Out of Georgia: The deadly weapons of guns and scholarship

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TBILISI - Putting glass lifts in the lobby was not a good idea. To be fair, the architect could hardly have known. When the Metechi Palace Hotel first opened in 1991, shimmering with polished marble and chrome, independent Georgia was barely a month old. And peaceful. Violence, when it happened, was usually the work of Soviet soldiers, like those armed with sharpened trench shovels and sent into the streets of Tbilisi in 1989 to deal with nationalist demonstrators.

Shovels? How improbably quaint the idea seems today. Not that primitive instruments ever stopped Soviet squaddies spilling lots of blood. But no one frets much about a spade attack anymore. Nor about Soviet - reclassified as Russian - soldiers, of whom 14,000 are still billeted on Georgian territory, mostly too poor and too frightened to venture far outside their crumbling compounds. Never do they stray into the Metechi Palace, where a single room costs dollars 200 ( pounds 130) a night - equal to a Russian officer's annual rouble salary, to 1,440,000 Georgian coupons (Georgia's Weimar Republic-style currency), or, to use a unit with real value, 28,000 loaves of Georgian bread.

A sign by the Metechi Palace's revolving door addresses, very politely, the real issue: 'For the comfort and safety of all guest kindly deposit all firearms with security.' A metal detector tries to ensure no one cheats, as does a newly formed Diplomatic Police, which, according to a memo addressed to guests last week, 'will ensure the security of the hotel and help us to realise our goal to keep the interior of the hotel arms-free'. A modest goal, perhaps, but about as likely to be implemented anywhere in the Caucasus soon as a nuclear-free zone was around the Kremlin at the height of the Cold War. Calls for unilateral disarmament, whether of handguns or A-bombs, quickly stirs suspicion of a trick.

Such was the case on my second night in the hotel when a plump, bald man in a shiny suit, distraught at being asked to leave his pistol behind, began taking pot-shots at the roof. I was in the glass lift when he started. Fortunately, he was more interested in letting off steam than scoring points by hitting a moving target. He was, hotel staff would confide later, as if this somehow explained his behaviour, an off-duty policeman. The reason for his tantrum: 'My enemy is in the piano bar,' he had shouted. 'If you take my gun, he will kill me.'

It has a certain logic. The arms race was fed by the same reasoning. There would be much discussion later of whether the bullets were actually fired within the lobby itself or just beyond the threshold. The hotel management, led by an Austrian, seemed to view this as an important distinction. 'Don't worry,' advised the general manager. 'This is normal, a little family quarrel.'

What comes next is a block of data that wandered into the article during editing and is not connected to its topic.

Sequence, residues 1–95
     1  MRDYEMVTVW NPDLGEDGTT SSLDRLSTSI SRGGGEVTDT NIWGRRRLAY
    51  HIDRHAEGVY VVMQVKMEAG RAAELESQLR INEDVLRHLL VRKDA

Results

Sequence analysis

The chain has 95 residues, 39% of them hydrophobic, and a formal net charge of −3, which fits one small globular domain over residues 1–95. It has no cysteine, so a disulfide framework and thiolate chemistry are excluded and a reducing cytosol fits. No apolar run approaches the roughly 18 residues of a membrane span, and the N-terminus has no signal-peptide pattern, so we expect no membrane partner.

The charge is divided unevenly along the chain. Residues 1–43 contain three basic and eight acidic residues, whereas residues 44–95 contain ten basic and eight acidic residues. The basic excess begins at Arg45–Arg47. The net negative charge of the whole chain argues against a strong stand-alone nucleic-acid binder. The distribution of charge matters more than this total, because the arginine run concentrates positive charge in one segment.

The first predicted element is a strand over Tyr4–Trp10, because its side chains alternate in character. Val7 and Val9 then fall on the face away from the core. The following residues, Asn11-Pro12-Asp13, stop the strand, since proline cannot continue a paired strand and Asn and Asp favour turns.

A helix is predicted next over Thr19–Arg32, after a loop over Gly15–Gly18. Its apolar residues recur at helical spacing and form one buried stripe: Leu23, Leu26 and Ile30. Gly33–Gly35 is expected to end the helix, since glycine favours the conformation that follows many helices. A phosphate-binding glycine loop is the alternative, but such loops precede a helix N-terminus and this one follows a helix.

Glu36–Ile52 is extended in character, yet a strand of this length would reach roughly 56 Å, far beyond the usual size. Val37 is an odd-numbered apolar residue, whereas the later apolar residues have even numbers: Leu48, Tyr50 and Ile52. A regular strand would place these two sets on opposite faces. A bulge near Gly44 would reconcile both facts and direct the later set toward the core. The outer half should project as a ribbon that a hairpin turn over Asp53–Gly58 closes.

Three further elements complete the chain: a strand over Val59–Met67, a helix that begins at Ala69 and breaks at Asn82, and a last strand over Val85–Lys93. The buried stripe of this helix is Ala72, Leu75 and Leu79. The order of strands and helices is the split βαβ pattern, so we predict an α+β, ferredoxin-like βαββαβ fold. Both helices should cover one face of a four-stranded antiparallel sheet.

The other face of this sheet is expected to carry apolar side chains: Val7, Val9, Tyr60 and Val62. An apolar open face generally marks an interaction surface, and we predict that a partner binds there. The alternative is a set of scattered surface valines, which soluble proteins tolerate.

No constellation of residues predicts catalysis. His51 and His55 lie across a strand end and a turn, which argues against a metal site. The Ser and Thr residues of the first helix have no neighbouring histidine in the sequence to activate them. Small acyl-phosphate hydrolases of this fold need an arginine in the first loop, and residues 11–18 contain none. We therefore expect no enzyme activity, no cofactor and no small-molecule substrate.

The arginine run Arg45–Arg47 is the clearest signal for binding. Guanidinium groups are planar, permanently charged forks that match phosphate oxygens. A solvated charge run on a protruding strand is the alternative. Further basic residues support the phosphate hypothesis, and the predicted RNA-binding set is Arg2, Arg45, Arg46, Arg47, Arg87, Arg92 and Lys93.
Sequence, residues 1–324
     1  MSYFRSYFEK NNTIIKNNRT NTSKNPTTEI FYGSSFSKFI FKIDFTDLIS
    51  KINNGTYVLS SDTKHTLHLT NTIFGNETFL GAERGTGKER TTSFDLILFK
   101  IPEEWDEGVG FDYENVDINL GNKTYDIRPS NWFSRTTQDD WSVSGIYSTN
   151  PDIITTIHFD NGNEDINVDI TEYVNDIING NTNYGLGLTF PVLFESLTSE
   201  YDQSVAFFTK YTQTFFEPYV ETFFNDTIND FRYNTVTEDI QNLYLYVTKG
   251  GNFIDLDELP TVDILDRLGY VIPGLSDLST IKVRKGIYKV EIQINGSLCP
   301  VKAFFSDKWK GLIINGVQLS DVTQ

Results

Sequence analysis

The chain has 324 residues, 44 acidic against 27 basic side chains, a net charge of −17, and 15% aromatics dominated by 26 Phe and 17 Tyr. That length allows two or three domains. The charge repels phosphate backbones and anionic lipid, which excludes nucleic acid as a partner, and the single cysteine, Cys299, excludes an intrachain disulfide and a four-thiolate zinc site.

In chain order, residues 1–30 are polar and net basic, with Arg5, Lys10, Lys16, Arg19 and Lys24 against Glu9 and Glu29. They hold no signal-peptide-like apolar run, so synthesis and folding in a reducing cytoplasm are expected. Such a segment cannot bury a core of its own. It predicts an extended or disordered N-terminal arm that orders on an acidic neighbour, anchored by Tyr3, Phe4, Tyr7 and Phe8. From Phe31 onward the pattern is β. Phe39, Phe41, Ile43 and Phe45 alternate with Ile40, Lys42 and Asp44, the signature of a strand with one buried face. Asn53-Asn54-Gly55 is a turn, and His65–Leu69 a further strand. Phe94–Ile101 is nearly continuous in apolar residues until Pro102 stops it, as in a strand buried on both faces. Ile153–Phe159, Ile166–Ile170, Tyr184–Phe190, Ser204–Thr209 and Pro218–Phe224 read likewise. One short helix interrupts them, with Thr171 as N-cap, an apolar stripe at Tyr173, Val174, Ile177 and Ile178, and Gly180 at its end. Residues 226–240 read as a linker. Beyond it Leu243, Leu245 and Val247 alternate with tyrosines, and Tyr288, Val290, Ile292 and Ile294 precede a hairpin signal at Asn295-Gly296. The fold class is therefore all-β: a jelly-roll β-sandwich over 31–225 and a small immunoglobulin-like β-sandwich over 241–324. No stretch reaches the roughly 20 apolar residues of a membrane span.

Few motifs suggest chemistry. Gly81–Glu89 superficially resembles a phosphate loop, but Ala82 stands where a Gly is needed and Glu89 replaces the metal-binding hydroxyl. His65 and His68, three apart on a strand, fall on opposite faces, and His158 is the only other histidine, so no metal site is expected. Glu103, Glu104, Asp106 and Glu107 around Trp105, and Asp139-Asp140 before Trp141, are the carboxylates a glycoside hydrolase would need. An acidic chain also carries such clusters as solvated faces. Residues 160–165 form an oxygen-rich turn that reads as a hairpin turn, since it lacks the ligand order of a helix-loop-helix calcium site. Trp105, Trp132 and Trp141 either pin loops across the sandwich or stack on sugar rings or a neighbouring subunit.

Everything is normal in Georgia. Rebels blow up power-lines and plunge half the country into darkness. Accountants in Moscow, angry at unpaid bills, pull the plug on Georgia's long-distance phone-lines and turn off the tap on a gas pipeline. President Eduard Shevardnadze, halfway through an interview in his office, laughs as a gust of wind slams shut his balcony door. It could, he jokes, just as easily have been gunfire. Such are the torments, petty and murderous, reserved each day for this, the most sophisticated, elegant and educated of former Soviet cities.

There are still concerts at the Philharmonic - held in the afternoon to avoid night-time shootings. The Rustaveli Theatre continues to prepare for its next season. And Thomas Gamkrelidze, professor of philology and chairman of parliament's Foreign Affairs Committee, keeps trying to prove that Indo-European languages all began in the same linguistic homeland somewhere near present-day Georgia. His latest work is: The Indo-European Glottalic Theory: A New Paradigm in the Indo-European Comparative Linguistics.

But high culture seems to fuel the violence too. Professor Gamkrelidze, for example, has written scholarly articles on the Abkhazians, Georgia's enemy for the past year in a barbaric conflict along the Black Sea. The essays, couched in linguistic jargon, set out to prove the Abkhazians a wholly Georgian creation, with no real identity of their own. Such scholarship is easily as dangerous as Soviet shovels. And when members of parliament tried to legislate restrictions on gun ownership they ran into learned opposition from the floor. The right to bear arms, they were reminded, is a sacred democratic right enshrined in no less a document than the American constitution.